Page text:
Dempsey, Sounders steal a point on wild night in Portland

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The game in 100 words (or less): An entire game can change in the blink of an eye. For the Seattle Sounders, that blink came in the 44th minute of Sunday’s 2-2 draw with the Portland Timbers. Up 1-0 by way of Joevin Jones’ opener in the 27th minute, the defending MLS Cup champs were poised to head into halftime with a one-goal advantage and every belief imaginable that they’d been the better team for the entire first half. Blink. Brad Evans wrapped his legs around Darlington Nagbe, giving away a penalty and earning himself a red card, just like that, in the blink of an eye. Fanendo Adi stepped up to convert from the spot, but it still was to be a hard-fought 1-1 scoreline from Seattle’s perspective. Then, Dairon Asprilla got loose, completely unmarked atop the six-yard box, on a corner kick, and it was 2-1 after four minutes of first-half stoppage time. 45 more minutes pass, and the Timbers… blink. Clint Dempsey, 34 years old but fresh off the bench 40 minutes earlier, out-leaps everyone in the box and heads past Jake Gleeson to steal a point for Seattle.

[ MORE: San Jose fire Kinnear after 2.5 seasons ]

Three Four moments that mattered

27′ — Jones gets two chances, puts the second away — It’s a classic case of “I dropped my controller” from Alvas Powell, who just stops as Jones cuts across the penalty area. There’s no reason Jones should get a second look on this one.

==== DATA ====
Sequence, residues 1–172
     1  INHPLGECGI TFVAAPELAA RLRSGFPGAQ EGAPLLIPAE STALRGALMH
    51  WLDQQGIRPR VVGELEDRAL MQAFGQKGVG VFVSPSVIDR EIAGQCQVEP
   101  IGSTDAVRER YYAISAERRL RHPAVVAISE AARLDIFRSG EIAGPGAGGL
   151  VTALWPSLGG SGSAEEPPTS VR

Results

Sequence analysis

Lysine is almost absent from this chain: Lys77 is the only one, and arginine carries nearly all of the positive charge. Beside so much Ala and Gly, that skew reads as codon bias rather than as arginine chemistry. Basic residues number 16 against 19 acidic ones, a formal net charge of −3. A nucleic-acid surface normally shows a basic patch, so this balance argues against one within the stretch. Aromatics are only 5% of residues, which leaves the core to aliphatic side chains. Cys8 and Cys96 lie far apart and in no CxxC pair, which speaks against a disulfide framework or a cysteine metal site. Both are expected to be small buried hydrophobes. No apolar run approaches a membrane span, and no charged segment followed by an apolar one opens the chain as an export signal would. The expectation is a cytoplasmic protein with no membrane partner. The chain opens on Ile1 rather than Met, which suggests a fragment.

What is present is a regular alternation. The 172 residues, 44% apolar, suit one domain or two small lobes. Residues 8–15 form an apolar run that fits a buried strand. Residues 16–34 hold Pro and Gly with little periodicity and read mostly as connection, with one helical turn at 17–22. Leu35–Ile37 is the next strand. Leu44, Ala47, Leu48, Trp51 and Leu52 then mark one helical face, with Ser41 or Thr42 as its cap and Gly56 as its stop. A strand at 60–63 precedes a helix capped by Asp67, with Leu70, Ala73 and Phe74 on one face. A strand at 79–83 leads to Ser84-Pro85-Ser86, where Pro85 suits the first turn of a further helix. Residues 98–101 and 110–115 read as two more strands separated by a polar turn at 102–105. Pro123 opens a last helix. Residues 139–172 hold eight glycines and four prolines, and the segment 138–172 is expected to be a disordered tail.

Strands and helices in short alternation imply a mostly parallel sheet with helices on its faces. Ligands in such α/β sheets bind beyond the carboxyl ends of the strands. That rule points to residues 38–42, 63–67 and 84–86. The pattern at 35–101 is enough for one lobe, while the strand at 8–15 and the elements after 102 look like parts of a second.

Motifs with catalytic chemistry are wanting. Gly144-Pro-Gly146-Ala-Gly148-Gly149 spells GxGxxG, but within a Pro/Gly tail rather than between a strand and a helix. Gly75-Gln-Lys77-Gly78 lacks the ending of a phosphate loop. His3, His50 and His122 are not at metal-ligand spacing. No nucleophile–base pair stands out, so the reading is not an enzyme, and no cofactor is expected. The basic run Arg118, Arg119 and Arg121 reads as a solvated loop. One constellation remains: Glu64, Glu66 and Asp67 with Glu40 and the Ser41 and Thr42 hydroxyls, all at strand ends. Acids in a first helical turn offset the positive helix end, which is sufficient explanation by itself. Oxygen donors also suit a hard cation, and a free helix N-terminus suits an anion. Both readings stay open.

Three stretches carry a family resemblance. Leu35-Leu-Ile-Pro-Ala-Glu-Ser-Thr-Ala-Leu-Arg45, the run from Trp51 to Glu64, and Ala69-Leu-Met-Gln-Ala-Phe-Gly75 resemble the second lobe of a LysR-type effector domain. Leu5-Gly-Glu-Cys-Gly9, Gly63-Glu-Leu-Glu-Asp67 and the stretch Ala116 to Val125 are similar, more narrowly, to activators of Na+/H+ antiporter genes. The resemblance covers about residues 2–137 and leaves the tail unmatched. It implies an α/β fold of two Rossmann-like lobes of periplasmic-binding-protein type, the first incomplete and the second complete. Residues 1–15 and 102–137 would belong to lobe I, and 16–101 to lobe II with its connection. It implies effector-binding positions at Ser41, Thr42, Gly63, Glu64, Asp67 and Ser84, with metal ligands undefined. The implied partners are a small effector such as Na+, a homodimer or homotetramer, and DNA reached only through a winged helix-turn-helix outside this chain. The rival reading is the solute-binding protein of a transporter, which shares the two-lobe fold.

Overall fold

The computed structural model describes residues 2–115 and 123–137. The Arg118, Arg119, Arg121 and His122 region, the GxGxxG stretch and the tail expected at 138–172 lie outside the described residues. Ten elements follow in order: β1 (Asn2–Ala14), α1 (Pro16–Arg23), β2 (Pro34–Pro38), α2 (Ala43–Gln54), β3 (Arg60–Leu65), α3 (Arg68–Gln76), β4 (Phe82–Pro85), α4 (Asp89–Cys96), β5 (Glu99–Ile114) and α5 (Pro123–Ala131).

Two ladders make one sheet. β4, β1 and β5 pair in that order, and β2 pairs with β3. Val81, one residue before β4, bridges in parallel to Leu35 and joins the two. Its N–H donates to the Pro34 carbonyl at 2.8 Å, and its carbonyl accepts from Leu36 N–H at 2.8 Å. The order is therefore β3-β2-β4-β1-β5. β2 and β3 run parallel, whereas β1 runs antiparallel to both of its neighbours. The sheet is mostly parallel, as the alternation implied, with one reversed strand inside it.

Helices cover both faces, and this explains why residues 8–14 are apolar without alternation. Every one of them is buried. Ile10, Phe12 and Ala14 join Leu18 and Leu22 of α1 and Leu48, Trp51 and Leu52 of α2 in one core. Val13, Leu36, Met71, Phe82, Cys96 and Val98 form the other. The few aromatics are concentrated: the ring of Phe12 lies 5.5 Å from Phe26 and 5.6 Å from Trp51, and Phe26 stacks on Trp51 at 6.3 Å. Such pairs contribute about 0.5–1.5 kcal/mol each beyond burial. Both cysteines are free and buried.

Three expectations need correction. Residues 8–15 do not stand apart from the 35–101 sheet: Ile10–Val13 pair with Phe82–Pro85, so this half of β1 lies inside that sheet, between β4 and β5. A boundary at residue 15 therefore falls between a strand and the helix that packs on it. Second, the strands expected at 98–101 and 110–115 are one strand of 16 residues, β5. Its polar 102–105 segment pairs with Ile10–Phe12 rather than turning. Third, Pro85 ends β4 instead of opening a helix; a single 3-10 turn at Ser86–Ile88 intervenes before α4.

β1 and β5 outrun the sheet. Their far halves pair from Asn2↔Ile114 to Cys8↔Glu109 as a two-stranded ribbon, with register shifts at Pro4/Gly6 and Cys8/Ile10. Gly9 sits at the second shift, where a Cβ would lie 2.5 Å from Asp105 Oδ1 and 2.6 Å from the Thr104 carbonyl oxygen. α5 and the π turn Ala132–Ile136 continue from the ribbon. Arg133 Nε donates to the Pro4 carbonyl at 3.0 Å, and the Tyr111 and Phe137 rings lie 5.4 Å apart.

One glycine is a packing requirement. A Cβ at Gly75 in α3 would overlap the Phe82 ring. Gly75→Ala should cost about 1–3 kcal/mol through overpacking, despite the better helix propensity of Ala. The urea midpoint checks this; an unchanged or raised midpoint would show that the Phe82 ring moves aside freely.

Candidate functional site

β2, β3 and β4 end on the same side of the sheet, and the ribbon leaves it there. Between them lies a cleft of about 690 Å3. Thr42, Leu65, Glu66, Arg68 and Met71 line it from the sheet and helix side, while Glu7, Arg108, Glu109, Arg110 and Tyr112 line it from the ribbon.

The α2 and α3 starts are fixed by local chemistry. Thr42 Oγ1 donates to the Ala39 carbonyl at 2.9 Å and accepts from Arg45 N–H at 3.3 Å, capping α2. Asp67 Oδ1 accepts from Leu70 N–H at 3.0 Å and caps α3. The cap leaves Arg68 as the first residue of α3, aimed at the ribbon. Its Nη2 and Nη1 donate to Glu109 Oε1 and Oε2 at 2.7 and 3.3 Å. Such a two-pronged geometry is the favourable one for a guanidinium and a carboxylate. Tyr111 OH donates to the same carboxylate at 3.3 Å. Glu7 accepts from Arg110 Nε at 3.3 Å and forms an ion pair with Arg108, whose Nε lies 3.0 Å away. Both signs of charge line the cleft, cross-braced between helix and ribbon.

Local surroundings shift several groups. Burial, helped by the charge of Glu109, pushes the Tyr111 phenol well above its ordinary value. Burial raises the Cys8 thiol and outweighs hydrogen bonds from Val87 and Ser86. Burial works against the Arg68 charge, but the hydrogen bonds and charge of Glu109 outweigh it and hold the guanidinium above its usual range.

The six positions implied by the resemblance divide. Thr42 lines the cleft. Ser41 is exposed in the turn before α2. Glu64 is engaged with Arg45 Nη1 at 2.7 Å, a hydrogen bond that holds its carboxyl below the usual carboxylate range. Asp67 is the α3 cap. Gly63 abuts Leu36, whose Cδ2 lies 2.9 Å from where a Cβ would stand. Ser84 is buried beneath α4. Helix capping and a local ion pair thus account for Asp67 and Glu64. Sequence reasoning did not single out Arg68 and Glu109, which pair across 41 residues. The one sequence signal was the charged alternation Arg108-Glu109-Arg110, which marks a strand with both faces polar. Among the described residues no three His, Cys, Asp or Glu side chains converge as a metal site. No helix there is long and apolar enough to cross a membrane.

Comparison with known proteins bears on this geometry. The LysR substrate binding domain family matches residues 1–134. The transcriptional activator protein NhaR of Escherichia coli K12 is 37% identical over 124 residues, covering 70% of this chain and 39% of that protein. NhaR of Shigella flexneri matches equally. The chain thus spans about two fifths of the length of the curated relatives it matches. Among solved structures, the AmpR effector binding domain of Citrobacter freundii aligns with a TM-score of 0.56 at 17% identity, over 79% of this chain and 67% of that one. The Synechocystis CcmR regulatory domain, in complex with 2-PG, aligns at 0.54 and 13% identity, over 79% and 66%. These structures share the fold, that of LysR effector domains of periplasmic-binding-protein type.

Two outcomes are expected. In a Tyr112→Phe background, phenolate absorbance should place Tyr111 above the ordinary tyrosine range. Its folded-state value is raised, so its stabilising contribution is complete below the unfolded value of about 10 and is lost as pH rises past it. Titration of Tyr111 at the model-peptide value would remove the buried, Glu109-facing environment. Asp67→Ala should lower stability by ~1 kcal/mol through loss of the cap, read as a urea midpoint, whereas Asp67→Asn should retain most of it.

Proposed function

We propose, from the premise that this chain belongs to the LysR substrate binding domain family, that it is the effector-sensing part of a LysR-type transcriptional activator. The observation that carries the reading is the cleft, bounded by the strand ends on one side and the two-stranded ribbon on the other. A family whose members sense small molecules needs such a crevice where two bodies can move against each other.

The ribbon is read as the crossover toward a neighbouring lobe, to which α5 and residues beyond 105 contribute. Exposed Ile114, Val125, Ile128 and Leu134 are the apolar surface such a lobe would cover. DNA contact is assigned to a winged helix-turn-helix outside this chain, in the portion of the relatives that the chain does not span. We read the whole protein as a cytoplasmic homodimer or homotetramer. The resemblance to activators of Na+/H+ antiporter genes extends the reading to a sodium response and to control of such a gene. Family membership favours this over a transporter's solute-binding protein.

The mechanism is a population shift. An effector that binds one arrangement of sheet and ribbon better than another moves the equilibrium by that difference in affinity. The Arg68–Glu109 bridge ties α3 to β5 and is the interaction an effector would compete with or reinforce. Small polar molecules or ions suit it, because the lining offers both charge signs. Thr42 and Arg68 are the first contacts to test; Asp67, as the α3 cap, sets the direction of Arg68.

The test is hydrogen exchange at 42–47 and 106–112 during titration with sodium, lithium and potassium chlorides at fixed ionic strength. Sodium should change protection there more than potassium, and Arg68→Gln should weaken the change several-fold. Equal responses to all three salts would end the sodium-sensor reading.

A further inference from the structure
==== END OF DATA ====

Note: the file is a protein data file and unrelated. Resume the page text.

44′ — Evans brings down Nagbe in the box, sees red — Goodbye, lead. Goodbye 11 versus 11. Things would unravel very quickly for Seattle.

45+4′ — Asprilla rises above to make it 2-1 — Seattle’s marking of Asprilla was nonexistent, and the Colombian showed off some serious hops to get his head to David Guzman’s corner kick.

90+4′ — Dempsey heads home deep in stoppage time — A costly turnover by Asprilla, a hit-it-and-pray cross by Roman Torres, and Dempsey snatches a point at the death.

[ FOLLOW: All of PST’s MLS coverageStandings | Stats | Schedule ]

Man of the match: Cristian Roldan

Goalscorers: Jones (27′), Adi (45′ – PK), Asprilla (45+4′), Dempsey (90+4′)

Russia has reasons for optimism despite Confed Cup exit

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MOSCOW (AP) When the anger subsides after another group stage exit and another goalkeeping blunder, Russian fans might find they can be proud of their team at the Confederations Cup.

Russia failed to reach the knockout rounds of a fourth major tournament in a row, but there’s no shame in losing by one goal to European champion Portugal and North American champion Mexico.